Audiences can’t seem to separate the thrill ride from the technology extravaganza. Was it great because of the never-before-seen-tech, which was crucial to tell this story, or was it great because Sandy convinced us we were stuck out there with her, rapidly ratcheting through our limited options, knowing that if we didn’t figure it out (or get spectacularly lucky), there was no dues ex machina coming to our rescue. Was the magic in just knowing that, out in this dire void so convincingly wrought, we were hopeless and helpless, without scientific knowledge or even jimmy-rigged pop culture education that would let us reason our own way out of this, thus we had no choice but to let go and give in to the movie?

Dunno. Sometimes these questions have no answer, but pondering them is part of being a writer. Being aware of what’s beyond our ability to deconstruct reminds us of the potential all storytelling has to connect with our soul.

Understanding the craft and technique that went into the making of work is vital—these were choices the writer made, and understanding those choices is the key to being able to make those kinds of choices for yourself.

Like many of you, I’m making my New Year’s Resolution to look with better eyes. And steal every trick I can find.

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Trai Cartwright HeadshotTrai Cartwright, MFA, is a 20-year entertainment industry veteran and creative writing specialist. While in Los Angeles, she was a development executive for HBO, Paramount Pictures, and 20th Century Fox. A new Denver arrival, Trai currently teaches creative writing, film studies and screenwriting for Colorado universities, MFA residencies, writers groups, conferences, and one-on-one as an editor for fiction and screenplays. Learn more about Trai and her work at her website.

Screenwriting Comes to RMFW!

By Trai Cartwright
Part Four of a Six-Part Monthly Series

Come on, admit it. You’re curious. Something about it speaks to you and that part of you that’s a little rebellious, that loves trying new things. Well, come on, then, give in to the dark side! Or at least just a dark room. All the better to see the screen…

In what must have been a bit of magic (and some cheering on from a few key folks), Rocky Mountain Fiction Writers have agreed to let me head a screenwriting program.

If you’ve ever had a story that you thought was just perfect for the movies or if the scenes in your book come alive in your head, here’s your chance to come play. Writing for film is easier than it looks (and a lot harder!), and it’s going to be my pleasure to guide a handful of intrepid souls into this amazing medium.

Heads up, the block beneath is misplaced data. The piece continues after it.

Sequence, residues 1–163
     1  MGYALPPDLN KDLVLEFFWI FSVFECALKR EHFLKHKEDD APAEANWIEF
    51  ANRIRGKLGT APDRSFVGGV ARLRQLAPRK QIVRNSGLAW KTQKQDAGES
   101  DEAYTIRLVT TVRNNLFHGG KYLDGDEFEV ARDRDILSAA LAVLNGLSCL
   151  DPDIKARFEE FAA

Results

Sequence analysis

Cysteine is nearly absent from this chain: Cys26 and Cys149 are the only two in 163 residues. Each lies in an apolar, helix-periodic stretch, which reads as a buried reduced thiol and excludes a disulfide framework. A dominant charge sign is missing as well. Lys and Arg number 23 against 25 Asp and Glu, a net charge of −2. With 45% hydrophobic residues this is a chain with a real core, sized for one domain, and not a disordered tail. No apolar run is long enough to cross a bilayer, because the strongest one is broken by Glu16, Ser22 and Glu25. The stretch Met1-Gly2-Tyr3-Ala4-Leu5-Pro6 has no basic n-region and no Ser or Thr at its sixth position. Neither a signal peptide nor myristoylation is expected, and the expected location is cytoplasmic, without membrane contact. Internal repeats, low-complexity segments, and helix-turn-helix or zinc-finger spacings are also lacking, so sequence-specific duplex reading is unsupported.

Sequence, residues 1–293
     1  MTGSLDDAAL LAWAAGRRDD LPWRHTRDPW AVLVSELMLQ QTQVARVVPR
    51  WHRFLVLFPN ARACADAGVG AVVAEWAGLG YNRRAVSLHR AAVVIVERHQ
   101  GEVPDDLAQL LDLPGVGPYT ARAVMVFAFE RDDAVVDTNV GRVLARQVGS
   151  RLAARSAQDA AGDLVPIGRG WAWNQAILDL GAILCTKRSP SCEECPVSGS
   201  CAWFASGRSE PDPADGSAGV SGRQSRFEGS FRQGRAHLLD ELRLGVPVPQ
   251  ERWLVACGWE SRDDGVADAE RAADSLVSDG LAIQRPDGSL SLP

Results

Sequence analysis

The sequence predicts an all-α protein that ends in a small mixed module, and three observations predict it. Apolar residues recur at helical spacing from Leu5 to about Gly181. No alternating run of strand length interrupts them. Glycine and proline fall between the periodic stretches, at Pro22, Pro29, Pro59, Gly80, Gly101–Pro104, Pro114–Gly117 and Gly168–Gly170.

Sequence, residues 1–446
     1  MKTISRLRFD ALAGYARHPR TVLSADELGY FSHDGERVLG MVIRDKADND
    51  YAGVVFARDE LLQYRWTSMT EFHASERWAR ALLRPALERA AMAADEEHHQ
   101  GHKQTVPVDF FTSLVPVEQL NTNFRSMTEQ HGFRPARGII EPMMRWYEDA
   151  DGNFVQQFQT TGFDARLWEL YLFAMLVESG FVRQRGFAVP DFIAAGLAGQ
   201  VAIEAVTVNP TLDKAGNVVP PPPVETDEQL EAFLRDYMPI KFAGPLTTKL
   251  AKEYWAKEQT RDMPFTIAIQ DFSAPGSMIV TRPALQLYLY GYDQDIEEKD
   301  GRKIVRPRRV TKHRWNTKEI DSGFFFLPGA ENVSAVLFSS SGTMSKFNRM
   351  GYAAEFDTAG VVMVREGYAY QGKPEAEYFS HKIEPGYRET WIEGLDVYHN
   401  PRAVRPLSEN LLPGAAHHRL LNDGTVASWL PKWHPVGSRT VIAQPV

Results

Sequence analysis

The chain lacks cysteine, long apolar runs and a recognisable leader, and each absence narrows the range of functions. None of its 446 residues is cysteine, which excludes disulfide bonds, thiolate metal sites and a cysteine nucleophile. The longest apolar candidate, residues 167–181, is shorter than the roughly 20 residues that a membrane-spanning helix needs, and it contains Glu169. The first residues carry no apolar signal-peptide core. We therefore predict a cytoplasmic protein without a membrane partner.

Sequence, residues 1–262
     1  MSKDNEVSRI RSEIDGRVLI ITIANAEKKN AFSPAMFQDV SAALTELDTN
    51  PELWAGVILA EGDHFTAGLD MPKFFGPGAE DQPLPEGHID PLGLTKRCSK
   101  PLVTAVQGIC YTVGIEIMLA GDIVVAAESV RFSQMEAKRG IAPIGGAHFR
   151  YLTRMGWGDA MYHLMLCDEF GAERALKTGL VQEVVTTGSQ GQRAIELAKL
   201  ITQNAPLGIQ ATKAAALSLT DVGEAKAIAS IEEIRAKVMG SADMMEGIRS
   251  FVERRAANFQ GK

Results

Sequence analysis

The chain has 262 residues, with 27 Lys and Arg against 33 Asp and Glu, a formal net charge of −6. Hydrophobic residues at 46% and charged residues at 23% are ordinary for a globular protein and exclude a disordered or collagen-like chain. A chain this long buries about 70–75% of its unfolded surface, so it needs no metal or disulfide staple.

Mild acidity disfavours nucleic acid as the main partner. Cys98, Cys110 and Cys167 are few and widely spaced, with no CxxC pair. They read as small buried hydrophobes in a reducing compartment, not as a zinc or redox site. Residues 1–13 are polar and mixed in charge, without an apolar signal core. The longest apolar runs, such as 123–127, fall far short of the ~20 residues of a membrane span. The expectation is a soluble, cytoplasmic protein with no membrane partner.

The first class we’re offering is an online class, and it’s ideal for any writer: “The Top 10 Things Movies Can Teach Novelists.”

This two-week, do as much or as little as you want class will demonstrate that there’s plenty novelists can steal from how movies tell their stories. Beginning in early December, we’ll discuss all the things that movies do wonderfully and how thinking in film terms can actually help you focus your writing.

All for $25!

And then in the Spring, I’ll be teaching an Introduction to Screenwriting class that will get 12 students rolling on the first half of a screenplay. While we do begin at the beginning with formatting, even those who’ve done a lil’ scriptwriting will find tricks and tips that will advance their movies. This is an in person class complete with vital workshopping and lots of clips from modern classics.

It’s my absolute honor to bring my Hollywood know how to Denver and be the first screenwriting teacher for RMFW! If you’re interested in joining us, drop me a line and I’ll put you on the list to contact when we’re ready to roll.

Meanwhile, I gotta keep this short. I gotta save my words for NaNoWriMo.

Always so much more to learn and to explore—glad I’ve got 50,000 words this month to give me a leg up! See you at the finish line.

To register for Top 10 Things Movies Can Teach Novelists:

http://www.rmfw.org/events/online-classes/#12021513

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Trai Cartwright HeadshotTrai Cartwright, MFA, is a 20-year entertainment industry veteran and creative writing specialist. While in Los Angeles, she was a development executive for HBO, Paramount Pictures, and 20th Century Fox. A new Denver arrival, Trai currently teaches creative writing, film studies and screenwriting for Colorado universities, MFA residencies, writers groups, conferences, and one-on-one as an editor for fiction and screenplays. Learn more about Trai and her work at her website.